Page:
2. Determine a red tag procedure that will capture new abnormal conditions and continue to drive the elimination of all red tags raised. Integrate with the maintenance department if required.
  3. Trial this procedure, modify and fully implement. Supply blank red tags and Red Tag Logs to point of use.
  4. Set specific times when this step will be carried out. Utilise break times and small blocks of available time. Inform everybody involved and deliver the teach point if not already done. Configure cleaning equipment stations with the equipment required in the area.
  5. Determine a routine and carry out the Shine step in the area using the same technique as described in Sort. In a computer system, the routine may include a regular purge of old versions of files and defragmentation of the hard drive. This will speed up the file access.
  6. Fill in the check sheet and raise new red tags as required.
  7. Continue to clear outstanding red tags where possible and update the Red Tag Log and monitor.
  8. Take the opportunity to review the configuration of the workplace and the corresponding check sheet.
  9. Configure locations for the new essential items.
  10. Change configuration if changes in manning levels, equipment or product specification introduce unsafe conditions, wasteful activities or change the frequency of use of an item.
  11. It may be advantageous to hold an annual 2S event to ensure a fresh look.

How to Standardise

  1. Design an audit check sheet and nominate an employee to carry it out at set intervals. This is different to the 5S Check Sheet described earlier in that it is designed to check the application of the 5S technique as opposed to specific workplace checks.

The audit check sheet can range from a something as simple as an extra box on the 5S Check Sheet to a more encompassing, separate scored sheet. The nominated employee may be the Team Leader, an employee external to the area or a senior manager. Involving a senior manager is one way of ensuring 5S application gets management support.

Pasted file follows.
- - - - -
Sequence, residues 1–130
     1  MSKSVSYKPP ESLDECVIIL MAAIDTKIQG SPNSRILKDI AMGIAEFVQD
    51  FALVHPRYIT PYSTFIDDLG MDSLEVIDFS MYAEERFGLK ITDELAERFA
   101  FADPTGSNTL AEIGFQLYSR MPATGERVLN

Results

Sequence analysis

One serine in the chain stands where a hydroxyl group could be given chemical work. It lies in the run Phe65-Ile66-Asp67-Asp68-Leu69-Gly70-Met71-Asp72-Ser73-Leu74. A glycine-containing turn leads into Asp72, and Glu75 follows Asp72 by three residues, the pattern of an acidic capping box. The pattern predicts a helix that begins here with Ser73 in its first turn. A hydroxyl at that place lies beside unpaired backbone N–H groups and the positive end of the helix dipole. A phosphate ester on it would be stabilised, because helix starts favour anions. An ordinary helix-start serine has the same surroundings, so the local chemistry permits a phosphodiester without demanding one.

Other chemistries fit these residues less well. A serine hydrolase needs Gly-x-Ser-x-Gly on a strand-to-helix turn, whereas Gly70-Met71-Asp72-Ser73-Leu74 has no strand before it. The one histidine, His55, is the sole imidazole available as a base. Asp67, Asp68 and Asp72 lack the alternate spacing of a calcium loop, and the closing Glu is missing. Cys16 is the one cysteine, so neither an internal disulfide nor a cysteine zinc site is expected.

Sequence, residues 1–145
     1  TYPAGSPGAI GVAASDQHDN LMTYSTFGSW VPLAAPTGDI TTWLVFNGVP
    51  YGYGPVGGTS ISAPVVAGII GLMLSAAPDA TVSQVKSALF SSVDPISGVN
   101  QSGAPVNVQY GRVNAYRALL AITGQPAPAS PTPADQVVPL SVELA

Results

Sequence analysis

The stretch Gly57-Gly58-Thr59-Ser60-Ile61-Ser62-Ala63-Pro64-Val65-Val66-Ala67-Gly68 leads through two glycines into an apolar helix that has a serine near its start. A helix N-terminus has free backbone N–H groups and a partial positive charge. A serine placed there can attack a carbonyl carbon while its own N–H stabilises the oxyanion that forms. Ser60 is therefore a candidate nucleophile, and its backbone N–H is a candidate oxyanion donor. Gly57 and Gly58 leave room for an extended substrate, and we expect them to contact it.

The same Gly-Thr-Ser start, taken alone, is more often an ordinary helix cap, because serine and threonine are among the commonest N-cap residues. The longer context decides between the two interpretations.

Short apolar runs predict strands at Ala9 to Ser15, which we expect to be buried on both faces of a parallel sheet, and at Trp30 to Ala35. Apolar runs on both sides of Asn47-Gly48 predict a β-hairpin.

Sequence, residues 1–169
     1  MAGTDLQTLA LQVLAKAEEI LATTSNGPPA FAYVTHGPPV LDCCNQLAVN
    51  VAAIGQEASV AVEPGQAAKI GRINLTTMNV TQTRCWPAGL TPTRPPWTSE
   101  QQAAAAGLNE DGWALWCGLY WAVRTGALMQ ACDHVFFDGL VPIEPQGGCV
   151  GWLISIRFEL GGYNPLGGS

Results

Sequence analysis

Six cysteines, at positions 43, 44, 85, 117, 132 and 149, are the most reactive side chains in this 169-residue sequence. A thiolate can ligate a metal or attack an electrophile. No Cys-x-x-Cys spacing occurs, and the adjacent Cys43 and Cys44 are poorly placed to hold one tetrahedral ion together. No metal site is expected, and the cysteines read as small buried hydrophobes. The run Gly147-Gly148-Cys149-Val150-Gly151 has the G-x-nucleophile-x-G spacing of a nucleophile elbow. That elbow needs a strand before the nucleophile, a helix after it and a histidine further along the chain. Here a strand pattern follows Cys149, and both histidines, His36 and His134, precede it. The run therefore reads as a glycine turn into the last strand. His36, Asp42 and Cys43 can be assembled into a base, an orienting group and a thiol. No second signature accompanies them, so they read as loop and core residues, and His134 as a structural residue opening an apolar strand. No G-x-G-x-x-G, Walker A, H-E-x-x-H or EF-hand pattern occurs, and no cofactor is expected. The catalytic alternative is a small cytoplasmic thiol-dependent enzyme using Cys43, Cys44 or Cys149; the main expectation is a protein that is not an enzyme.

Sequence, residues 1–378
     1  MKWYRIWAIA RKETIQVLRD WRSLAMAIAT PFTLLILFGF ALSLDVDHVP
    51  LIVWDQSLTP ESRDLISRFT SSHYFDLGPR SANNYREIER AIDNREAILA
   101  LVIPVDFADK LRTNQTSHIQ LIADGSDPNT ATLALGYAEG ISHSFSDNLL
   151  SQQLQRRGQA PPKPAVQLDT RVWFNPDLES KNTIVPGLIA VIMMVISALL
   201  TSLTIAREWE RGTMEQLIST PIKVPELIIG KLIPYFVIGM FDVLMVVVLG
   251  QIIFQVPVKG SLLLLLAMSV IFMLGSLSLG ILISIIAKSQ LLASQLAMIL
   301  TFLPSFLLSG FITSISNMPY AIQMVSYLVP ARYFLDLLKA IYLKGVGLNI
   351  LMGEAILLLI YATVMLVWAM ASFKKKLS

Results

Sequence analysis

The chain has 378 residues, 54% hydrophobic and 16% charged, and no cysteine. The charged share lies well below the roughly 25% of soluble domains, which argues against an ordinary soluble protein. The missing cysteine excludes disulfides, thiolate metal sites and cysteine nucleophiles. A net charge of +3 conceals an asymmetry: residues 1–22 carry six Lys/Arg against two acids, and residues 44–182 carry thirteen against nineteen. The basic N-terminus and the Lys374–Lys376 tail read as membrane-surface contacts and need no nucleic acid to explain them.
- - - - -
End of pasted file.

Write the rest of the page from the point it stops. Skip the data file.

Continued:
1. Implement the audit, discuss the results with the area team and use them to make improvements. Comparison of audit scores across an organisation requires that the audits are standard throughout and they are consistently completed.
  2. Using team experience of carrying out Shine, look for areas where modifications can be made to make it easier to carry the tasks out. For example:
  • Fill in holes or gaps where debris collects.
  • Fit covers or skirts to prevent debris collecting in hard to reach places.
  • Contain oil, lubricant and other fluid leaks, splashes and spillages or material ejections by use of guards, trays and booms etc. Ideally, the root cause of the abnormal condition should be eliminated. In some cases this is not possible or cannot be done in the short term, so containment is better than nothing. Colour code catch trays red so that they stand out as an abnormal condition.
  • Replace solid covers and guards with clear ones so that the status of equipment or dials below can be seen without taking time to remove the cover.
  • Fit quick release handles to save time.
  • Put ribbons or windmills on equipment such as fans or with motors that expel air so that it can be see if they are working or not from a distance.
  • Re-route equipment cables, ducting, pipes etc. so that the checks can be made more easily.
  • Clearly mark maximum and minimum levels for easy checking.
  1. After a period of time review the Red Tag Logs to identify recurring abnormal conditions. Where possible identify root causes for these and countermeasure to prevent recurrence.

How to Sustain

  1. Spread the application of 5S through all the functions and departments of the organisation.
  2. Ensure every employee has received 5S training e.g. the teach point and has been involved in a practical 5S exercise. Make sure the standards are the same across the whole organisation e.g. specific colours to denote use of area.
  3. Include 5S in the organisation skills matrix and implement 5S training as part of the induction programme.
  4. Ensure all managers are included in the application of 5S to show how important it is to the organisation.
  5. Management must define responsibilities and ensure time is allocated for initial and ongoing 5S activities.
  6. Ensure management are consistent in application of 5S
  • Do not abandon 5S at the end of the day just to catch back up on target.
  • Do not have special clean ups for visitors.
  • Do not hide things for visitors.
  1. Ensure adequate cleaning equipment is provided.
  2. Get team leaders or area employees to show visitors around, emphasising what 5S activity they have carried out. This will encourage ownership and provide recognition for their efforts.